Electrical Engineering major leads initiative towards a more eco-friendly Mason

Osaze Shears

While interning at BAE, Annam Khan has received mentorship from Honors College alumnus Osaze Shears (Computer Engineering, '18)

“Nowadays our power grid is not built for renewable energy; it is built for power consumption.”

— Annam Khan, Honors College senior and Electrical Engineering major

Electrical Engineering major Annam Khan came to Mason looking for opportunities to make an impact. Just a couple years later, she’s the project lead of an initiative to put George Mason University on a self-sufficient microgrid.

Electrical Engineering major and Honors College senior, Annam Khan.

Electrical Engineering major and Honors College senior, Annam Khan, talks about her project to take Mason off the grid. Photo by Joshua McLean.

This year-long project has Khan, a current senior, and her team of six other Mason students searching for more efficient ways of generating power. Like most places, George Mason receives its energy from a large power grid, spending millions of dollars every year on utilities. “Ideally, we would like to isolate George Mason off of the main power grid,” Khan explains. “We would make our own energy and consume our own energy.”

Such a project requires finding ways to implement renewable energy sources on campus, and Khan and her team are looking to put up solar canopies for parking lots and solar panels for buildings on campus.

Further aiding the project, Khan’s team is partnered with large companies, like Northern Virginia Electric Cooperative (NOVEC) and Dominion Energy, as well as overseen by faculty supervisor Dr. Liling Huang. “We’re lucky to have her,” says Khan. “She puts a lot of effort in connecting students with outside opportunities — every two or three weeks she’s bringing guest speakers to talk to us. She incorporates opportunities to network in her class.”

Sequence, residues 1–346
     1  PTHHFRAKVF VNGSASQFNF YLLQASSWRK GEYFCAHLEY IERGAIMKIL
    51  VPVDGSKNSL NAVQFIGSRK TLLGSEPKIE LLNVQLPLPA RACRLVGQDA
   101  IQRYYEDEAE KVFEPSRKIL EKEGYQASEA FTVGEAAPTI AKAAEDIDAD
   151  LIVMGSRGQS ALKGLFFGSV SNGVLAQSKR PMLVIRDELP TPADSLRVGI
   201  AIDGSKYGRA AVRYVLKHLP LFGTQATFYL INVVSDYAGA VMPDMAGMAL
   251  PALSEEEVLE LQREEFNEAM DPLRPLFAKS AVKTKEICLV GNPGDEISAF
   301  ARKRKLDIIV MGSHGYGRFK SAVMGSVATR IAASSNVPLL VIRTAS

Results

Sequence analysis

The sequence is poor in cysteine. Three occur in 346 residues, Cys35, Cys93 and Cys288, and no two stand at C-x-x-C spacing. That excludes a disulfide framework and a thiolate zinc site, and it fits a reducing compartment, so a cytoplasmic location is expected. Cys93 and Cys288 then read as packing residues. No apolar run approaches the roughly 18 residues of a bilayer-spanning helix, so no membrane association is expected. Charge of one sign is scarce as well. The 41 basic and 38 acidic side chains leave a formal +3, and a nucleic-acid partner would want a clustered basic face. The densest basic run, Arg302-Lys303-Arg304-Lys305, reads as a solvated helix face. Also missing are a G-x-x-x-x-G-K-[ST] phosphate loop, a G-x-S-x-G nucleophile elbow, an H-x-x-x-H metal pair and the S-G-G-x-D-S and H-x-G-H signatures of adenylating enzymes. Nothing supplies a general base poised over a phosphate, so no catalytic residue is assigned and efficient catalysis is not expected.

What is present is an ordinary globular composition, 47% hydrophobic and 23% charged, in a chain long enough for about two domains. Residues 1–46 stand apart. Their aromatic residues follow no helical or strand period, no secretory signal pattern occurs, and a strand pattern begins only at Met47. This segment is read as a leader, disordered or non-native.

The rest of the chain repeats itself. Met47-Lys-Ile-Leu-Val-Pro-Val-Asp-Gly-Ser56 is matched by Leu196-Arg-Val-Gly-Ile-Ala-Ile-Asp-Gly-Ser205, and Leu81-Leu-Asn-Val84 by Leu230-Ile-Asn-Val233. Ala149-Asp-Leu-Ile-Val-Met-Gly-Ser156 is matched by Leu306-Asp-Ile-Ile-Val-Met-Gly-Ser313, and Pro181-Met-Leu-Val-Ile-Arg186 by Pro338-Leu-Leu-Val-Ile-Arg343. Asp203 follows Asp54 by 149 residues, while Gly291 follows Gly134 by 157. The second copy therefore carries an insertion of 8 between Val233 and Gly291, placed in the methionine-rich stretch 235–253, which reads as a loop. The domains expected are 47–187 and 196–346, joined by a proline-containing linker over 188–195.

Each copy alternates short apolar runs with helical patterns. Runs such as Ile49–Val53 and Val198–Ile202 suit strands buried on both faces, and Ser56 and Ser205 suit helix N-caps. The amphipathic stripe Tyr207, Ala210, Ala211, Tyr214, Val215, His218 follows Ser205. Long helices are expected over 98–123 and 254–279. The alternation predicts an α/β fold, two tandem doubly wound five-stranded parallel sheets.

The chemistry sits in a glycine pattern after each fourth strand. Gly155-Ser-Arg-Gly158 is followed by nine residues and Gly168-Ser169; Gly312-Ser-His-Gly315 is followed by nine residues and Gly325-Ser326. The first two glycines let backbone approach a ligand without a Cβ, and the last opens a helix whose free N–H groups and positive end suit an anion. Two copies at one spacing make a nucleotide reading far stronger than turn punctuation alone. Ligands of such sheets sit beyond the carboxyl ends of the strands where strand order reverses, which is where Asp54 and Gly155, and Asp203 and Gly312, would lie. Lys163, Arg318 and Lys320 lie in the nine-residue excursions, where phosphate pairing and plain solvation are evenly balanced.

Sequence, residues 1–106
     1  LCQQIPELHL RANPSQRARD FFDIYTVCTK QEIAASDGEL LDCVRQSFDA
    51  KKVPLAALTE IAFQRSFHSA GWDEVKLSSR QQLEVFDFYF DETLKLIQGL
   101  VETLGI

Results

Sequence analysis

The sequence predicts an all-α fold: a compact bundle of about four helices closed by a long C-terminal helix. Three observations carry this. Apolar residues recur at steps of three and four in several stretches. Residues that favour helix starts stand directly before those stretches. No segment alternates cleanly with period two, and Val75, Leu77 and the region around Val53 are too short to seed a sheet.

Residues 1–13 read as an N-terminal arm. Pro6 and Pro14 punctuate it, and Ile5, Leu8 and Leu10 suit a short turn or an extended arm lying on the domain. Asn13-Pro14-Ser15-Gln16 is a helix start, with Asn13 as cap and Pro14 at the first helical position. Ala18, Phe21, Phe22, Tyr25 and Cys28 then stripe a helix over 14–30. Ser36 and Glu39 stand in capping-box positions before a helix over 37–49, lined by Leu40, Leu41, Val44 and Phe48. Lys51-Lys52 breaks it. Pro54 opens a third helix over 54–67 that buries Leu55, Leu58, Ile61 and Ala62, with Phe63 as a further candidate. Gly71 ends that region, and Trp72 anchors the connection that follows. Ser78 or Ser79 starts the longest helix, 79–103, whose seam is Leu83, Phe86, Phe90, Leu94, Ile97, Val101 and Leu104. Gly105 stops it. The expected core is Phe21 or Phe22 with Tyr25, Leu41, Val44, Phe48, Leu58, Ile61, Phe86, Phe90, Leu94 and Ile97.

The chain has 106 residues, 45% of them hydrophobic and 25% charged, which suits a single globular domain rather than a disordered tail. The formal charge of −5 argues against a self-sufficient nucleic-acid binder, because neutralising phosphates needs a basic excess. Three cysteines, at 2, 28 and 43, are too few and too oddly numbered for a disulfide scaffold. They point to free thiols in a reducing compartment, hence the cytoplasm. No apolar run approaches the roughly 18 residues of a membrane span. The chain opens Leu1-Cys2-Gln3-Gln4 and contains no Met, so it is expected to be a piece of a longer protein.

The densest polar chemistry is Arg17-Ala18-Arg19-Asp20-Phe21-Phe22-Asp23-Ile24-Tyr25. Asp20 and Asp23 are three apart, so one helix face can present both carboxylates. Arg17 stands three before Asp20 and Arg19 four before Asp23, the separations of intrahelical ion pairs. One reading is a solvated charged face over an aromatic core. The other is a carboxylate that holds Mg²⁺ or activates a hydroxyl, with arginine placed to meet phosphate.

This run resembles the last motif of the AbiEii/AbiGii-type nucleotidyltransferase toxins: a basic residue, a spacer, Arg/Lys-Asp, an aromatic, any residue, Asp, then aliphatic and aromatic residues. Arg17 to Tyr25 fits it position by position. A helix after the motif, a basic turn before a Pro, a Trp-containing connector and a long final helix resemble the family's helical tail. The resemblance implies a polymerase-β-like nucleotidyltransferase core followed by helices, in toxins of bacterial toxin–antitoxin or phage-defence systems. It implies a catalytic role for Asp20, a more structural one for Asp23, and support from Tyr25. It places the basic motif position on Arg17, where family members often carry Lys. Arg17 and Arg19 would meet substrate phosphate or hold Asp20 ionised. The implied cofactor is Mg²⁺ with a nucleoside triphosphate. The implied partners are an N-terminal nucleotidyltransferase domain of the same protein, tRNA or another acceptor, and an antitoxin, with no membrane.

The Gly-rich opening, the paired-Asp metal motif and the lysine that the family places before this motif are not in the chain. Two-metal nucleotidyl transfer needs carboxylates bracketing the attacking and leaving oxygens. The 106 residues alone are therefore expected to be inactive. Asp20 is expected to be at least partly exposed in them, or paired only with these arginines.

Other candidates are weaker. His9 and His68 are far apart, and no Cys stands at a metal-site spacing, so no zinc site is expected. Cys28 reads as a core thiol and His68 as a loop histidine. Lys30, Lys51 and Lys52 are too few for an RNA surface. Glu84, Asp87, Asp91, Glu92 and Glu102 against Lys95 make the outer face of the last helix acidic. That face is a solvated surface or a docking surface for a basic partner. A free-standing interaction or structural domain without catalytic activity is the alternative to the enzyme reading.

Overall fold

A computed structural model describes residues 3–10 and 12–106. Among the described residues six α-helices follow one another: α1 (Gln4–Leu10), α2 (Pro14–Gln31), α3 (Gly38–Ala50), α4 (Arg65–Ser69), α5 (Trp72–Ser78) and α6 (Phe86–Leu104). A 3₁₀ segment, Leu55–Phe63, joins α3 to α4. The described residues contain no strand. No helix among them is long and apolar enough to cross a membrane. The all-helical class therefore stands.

Alongside her work with microgrids, Khan found her passion in engineering, specifically power engineering, during her time in HNRS 410: Multidisciplinary Research Seminar, now offered as HNRS 361. This course focuses on developing individual research projects while working with students across majors, gaining new perspectives by learning to effectively sharing information and offer constructive criticism. Khan chose to research renewable energy integration.

“Nowadays our power grid is not built for renewable energy; it is built for power consumption,” Khan explains, describing the obstacle of incorporating renewable energy into a system that constantly needs power, even when the sun, or other natural resources, are not out to provide it. Finding a solution to this issue would require revamping current power grids to accommodate the peaks and falls of natural energy and provide huge environmental benefits. In the Multidisciplinary Research Seminar, Khan says, “you spend so much time working with people who aren’t necessarily engineers, and you realize you have to do something that matters for everyone."

Electrical Engineering major and Honors College senior, Annam Khan.

Photo by Joshua McLean.

Khan’s work on microgrids builds on her already-impressive professionalization work. Khan spent a couple years as part of the Institute of Electrical and Electronics Engineers (IEEE), which makes an effort to connect students with engineering opportunities. Over the Summer, she was a Virginia Microelectronics Consortium (VMEC) scholar assigned to work at BAE systems; for her work, she was awarded the VMEC Gold Award. This Fall, she's continued her work at BAE systems, where she is mentored by Honors College alumnus Osaze Shears. 

The Honors College has helped Khan come to appreciate the value of connecting with others outside of engineering. Her work in one of the Honors College’s team-based applied research courses connected her with students from a range of majors as they conducted research for the Early Identification Program (EIP). EIP aims to help first generation prospective college students prepare for school. Khan’s class worked to develop a proposal about how programs like this can self-evaluate and offered a preliminary assessment of EIP and comparable programs.

“It was a good experience,” Khan says, referring to working with a small class to help another organization. “You have to be able to communicate effectively with other people and work effectively with other people. […] I now firmly believe in the power of multidisciplinary communication.”

Khan looks forward to the future and her further involvement in making a difference with power engineering.